Photos of a bakkie towing a trailer billboard through Bryanston have gone viral today and has got the SPCA investigating if there is indeed some sort of underground dog-fighting movement being promoted in Johannesburg.
The Citizen has been trying to get to the bottom of the matter and, when trying to find out who registered the website cajunrules.co.za, all we found was an obvious pseudonym, Jacun Suler, which is just the letters of “cajun rules” mixed up in an anagram. The registered address is also Cajun House on William Nicol Drive in Bryanston, which is also not a real place.
The advertised phone number also no longer works.
What’s perhaps more intriguing is that the website sporting-dog.com actually has an entry for “cajun rules”, which appears to be the historical rules for how dog fights are meant to be conducted.
A note at the bottom of the website appears to indicate that it was last updated in 2011 and, in all likelihood, is an American site.
Cajun rules, among other things, apparently specify 19 rules, among which is rule 19, that “Should the police interfere, the referee [is] to name the next meeting place.” It goes into intricate detail about the size of the fighting pit, how winners are decided and how owners and the referee should behave.
The point of these fights was for spectators to bet on their choice of dog, but dog fighting has been illegal for a very long time, which makes someone presumably advertising a dog fight in public all the more strange.
When a Sandton Chronicle journalist called the number on the advert for bookings, the call went through to a voicemail box.
The voicemail welcomed the caller to the cajun rules booking line and stated that they were experiencing high call volumes. They were then directed to the voicemail to leave a message.
On Facebook, some have speculated that the whole thing may in fact be a cage-fighting publicity stunt in very poor taste because one of the “dogs” shares a name with American MMA cage fighter Thor, but at this stage even that seems far-fetched. Nitro also seems to have some link to MMA in Australia.
Extreme Fighting Championship (EFC) has dispelled all rumours that they are somehow involved.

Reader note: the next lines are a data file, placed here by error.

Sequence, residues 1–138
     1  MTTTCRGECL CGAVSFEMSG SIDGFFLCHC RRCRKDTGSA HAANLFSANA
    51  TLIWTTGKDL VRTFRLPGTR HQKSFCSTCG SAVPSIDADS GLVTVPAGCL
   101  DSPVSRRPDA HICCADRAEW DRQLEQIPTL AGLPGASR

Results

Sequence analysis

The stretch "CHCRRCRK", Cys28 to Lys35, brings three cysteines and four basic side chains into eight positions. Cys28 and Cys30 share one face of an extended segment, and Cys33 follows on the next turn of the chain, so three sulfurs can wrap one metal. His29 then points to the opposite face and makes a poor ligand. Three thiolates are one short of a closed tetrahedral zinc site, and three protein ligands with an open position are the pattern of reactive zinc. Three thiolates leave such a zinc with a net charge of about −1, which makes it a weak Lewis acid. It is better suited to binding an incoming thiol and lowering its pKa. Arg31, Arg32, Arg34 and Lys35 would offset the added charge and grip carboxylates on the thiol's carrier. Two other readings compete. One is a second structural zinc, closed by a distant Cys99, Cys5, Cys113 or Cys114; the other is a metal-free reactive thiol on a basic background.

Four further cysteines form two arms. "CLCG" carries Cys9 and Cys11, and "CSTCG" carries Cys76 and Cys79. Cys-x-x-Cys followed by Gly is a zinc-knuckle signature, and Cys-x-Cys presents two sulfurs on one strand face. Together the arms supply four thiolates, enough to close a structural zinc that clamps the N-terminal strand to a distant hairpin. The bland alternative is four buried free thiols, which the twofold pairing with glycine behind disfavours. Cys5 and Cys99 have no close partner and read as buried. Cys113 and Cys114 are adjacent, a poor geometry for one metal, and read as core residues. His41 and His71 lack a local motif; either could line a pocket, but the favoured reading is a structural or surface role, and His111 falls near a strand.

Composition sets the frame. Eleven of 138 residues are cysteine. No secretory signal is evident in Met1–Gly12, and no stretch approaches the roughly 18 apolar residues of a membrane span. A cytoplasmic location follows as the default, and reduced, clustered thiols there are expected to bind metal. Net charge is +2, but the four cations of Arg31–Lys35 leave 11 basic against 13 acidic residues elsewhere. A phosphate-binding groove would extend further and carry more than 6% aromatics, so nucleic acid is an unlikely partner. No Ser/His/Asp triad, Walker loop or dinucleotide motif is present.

EFC told the Sandton Chronicle, “This advert is not ours. We have no affiliation to this advert whatsoever.”
JMPD spokesperson Edna Mamonyane said: “The advert is believed to be driven around by a bakkie and is not stationary. My officers have been alerted and are on the lookout. The advert was spotted in Bryanston. The SPCA need to get involved to remove the dogs from this fight as they can be severely injured and it is cruel. My officers will contact the SPCA as soon as they have info.”
Mamonyane further appealed to members of the public, that if the vehicle or advert is spotted to contact the bylaws department by calling or sending a whatsapp message to 082 7791 361.
Senior inspector for the special investigation unit at the SPCA Nadia Hansa said, “We have received a lot of angry calls from a lot of angry people regarding the issue. We are currently investigating.”
With reference to the website cajunrules.co.za, Hansa confirmed that “Cajun Rules” dogfighting was a particular cruel form of competition which usually leads to the death of at least one of the dogs.
She added, “It’s not based on a specific winner, but the dog who’s more willing to fight to the death.”
Hansa said that dogfighting has been on the rise in South Africa as of late with the SPCA currently involved in nine different cases at the moment.
The SPCA has been trying to track the vehicle that is advertising the alleged dogfight, but it is proving difficult as the vehicle is constantly on the move.
Tyrone Walker, an attorney, said: “Any member of the public can lodge a complaint with the Advertising Standards Authority where they believe an advertisement is in contravention of the ASA code. The ASA code is a set of rules which advertisements should abide to. In this case, a member of the public may be able to lodge a complaint based on the advertisement being “offensive” or the fact that it may be showing something that may encourage or support criminal or illegal activity. The complaint can be lodged on the ASA website.”
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